8. Label the bag with a sharpie pen.
  9. Place the mylar bag in the food grade 5 gallon bucket.
  10. Keep packaging the same food item into mylar bags following the above steps until the bucket is full.
  11. Seal up the bucket.
  12. Label the bucket.  I used a masking tape and wrote the contents of the bucket with a sharpie market.
  13. Store any remaining oxygen absorbers in an airtight jar.
  14. Store the bucket in a cool, dry area.  I cannot store food in the garage as we live in a hot and humid area.  Heat and humidity will shorten the life of stored food.  For now, the buckets are hidden under the dining table with a long table cloth.

The next day, you will notice the bags look shrunken.  This is the oxygen absorber doing its job.

That’s it, the process was actually easier than I thought.

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I am traveling for work this week and thus have been unable to post.   My work schedule is packed from morning til night, with no private time to be on my own.  And the hotel has very slow internet,  I am lucky to connect today.

I liked this article “Hypothetical SHTF if Traveling for Work” found in http://suburbansurvivalblog.com/hypothetical-shtf-if-traveling-for-work

on Suburban Survival Blog.  I am sure paying attention to the list mentioned in the post!

I will post when I get back to the home base.  Sorry for the light content, the work day starts!

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As we continue building our emergency supplies, a question that comes up frequently in conversations is, “What if nothing happens?”  Would this have all been a waste?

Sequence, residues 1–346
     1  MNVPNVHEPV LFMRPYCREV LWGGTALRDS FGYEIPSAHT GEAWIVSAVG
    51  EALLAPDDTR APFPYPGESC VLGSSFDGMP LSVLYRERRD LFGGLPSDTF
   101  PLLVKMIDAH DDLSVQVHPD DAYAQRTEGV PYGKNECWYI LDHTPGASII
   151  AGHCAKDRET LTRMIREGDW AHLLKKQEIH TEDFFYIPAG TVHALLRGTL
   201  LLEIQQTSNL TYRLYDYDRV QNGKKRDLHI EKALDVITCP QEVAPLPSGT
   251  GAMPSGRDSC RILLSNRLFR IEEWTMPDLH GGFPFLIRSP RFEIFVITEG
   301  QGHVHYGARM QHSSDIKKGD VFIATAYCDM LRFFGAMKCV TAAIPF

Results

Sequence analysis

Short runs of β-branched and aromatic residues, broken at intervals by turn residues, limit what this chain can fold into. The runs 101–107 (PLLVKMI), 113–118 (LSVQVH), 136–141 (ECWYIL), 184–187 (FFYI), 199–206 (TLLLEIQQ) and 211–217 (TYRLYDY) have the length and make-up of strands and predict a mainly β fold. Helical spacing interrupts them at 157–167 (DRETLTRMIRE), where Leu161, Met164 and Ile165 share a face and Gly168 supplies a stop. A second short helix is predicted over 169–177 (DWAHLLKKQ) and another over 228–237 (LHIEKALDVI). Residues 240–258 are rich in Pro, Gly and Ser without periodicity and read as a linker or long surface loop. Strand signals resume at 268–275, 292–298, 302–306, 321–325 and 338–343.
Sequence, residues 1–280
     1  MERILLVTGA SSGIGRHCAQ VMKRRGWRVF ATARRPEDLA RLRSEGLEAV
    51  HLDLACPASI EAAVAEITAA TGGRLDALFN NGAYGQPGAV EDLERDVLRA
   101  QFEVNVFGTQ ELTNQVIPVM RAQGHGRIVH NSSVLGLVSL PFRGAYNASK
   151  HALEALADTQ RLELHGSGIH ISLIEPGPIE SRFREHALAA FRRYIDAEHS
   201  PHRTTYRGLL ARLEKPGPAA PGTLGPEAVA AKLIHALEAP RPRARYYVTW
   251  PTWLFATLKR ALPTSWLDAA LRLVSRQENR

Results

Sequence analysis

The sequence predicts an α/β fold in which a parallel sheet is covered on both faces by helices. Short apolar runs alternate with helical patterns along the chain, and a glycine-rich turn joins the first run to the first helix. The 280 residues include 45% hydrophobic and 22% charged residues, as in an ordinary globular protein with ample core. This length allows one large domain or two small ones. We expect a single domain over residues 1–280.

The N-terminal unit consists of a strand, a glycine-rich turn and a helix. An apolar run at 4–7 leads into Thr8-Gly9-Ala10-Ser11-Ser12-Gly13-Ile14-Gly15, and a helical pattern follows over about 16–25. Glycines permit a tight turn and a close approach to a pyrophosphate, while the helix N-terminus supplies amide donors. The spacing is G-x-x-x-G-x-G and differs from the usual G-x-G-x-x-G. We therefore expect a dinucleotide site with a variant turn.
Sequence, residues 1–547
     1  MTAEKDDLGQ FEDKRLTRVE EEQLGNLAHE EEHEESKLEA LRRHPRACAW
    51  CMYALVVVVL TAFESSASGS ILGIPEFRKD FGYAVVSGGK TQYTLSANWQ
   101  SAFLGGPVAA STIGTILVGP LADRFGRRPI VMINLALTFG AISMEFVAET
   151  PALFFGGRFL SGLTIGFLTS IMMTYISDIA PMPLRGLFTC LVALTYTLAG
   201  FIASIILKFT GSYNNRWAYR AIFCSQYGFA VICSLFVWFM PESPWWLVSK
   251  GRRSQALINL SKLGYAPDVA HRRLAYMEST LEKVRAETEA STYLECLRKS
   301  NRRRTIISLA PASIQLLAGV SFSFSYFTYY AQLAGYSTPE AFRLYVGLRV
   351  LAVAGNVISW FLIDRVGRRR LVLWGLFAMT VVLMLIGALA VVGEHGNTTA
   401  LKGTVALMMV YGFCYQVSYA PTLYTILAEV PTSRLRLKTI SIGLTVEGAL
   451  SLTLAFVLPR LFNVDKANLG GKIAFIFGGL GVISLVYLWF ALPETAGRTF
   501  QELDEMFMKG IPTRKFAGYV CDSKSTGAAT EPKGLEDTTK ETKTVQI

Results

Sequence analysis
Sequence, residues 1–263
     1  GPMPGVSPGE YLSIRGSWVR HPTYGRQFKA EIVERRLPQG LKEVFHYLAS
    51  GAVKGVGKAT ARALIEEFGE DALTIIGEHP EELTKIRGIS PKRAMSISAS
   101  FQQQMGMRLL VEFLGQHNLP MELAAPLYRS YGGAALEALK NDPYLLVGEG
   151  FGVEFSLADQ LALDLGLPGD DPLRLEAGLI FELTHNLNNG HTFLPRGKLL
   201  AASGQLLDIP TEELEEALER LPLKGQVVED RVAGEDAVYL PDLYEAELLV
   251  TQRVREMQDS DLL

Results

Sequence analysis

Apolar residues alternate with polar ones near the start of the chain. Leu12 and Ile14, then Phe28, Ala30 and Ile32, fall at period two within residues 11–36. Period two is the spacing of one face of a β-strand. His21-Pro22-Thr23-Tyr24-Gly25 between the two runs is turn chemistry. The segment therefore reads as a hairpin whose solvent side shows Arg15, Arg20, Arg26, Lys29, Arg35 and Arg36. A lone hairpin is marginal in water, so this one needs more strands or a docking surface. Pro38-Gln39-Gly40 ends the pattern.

Part of this question is rooted in the whole Y2K experience, where a number of people were expecting a big disaster to happen, only to wake up on January 1, 2000 with everything humming along normally, nothing to see here… move along…  Then the media publicized stories about the folks who had sold everything to move to a retreat only to abandon their supplies a year or two later.  It seemed like one big waste.

I would disagree that this could all be a waste if nothing happens.  Actually, it would be preferable to me if nothing happens and I still have all my supplies.  I personally hope that things stay “normal” and that the s**t never hits the fan!  But I would still continue to prep!

That is because:

  • Prepping actually helps save money.  Because we are buying necessities in advance, we are able to take advantage of sales and can wait it out when the items are not reasonably priced
  • Prepping has helped me save time.  Again, having commonly used items in the house eliminates having to run to the store because something ran out.  When you go by “Two is one and one is none” you always know you have the item on hand and can go back to the store at your leisure.
  • We have become more organized since we started our journey into preparedness.  We’ve eliminated clutter in our home and have become more efficient in our storage efforts.
  • Prepping and frugality go hand in hand.  Though it seems to be a contradiction at first, since you know you have to buy stuff and gear in order to prepare, we have become more frugal in the long run.  Because we examine the value of every purchase, we have gotten better at separating “needs” from “wants.”
  • We are learning valuable skills that help us in the long run.  I picked up some sewing skills and hemmed my son’s “back to school” outfits myself, which saved both time and money.  Learning how to process green coffee beans and brew a fine cup of coffee without electricity was a great experience.
  • We are teaching our children those same skills and learning to “Be prepared always” is a valuable lesson for them.

Emergency supplies will not get wasted as long as you are vigilant about rotating your stocked items.

I consider emergency supplies the same as having insurance.  We have insurance for everything else.  Health, car, dwelling and life insurance are all premiums we pay without worrying about “what if nothing happens.”  The way I see it, better to have it and not need it, than need it and not have it.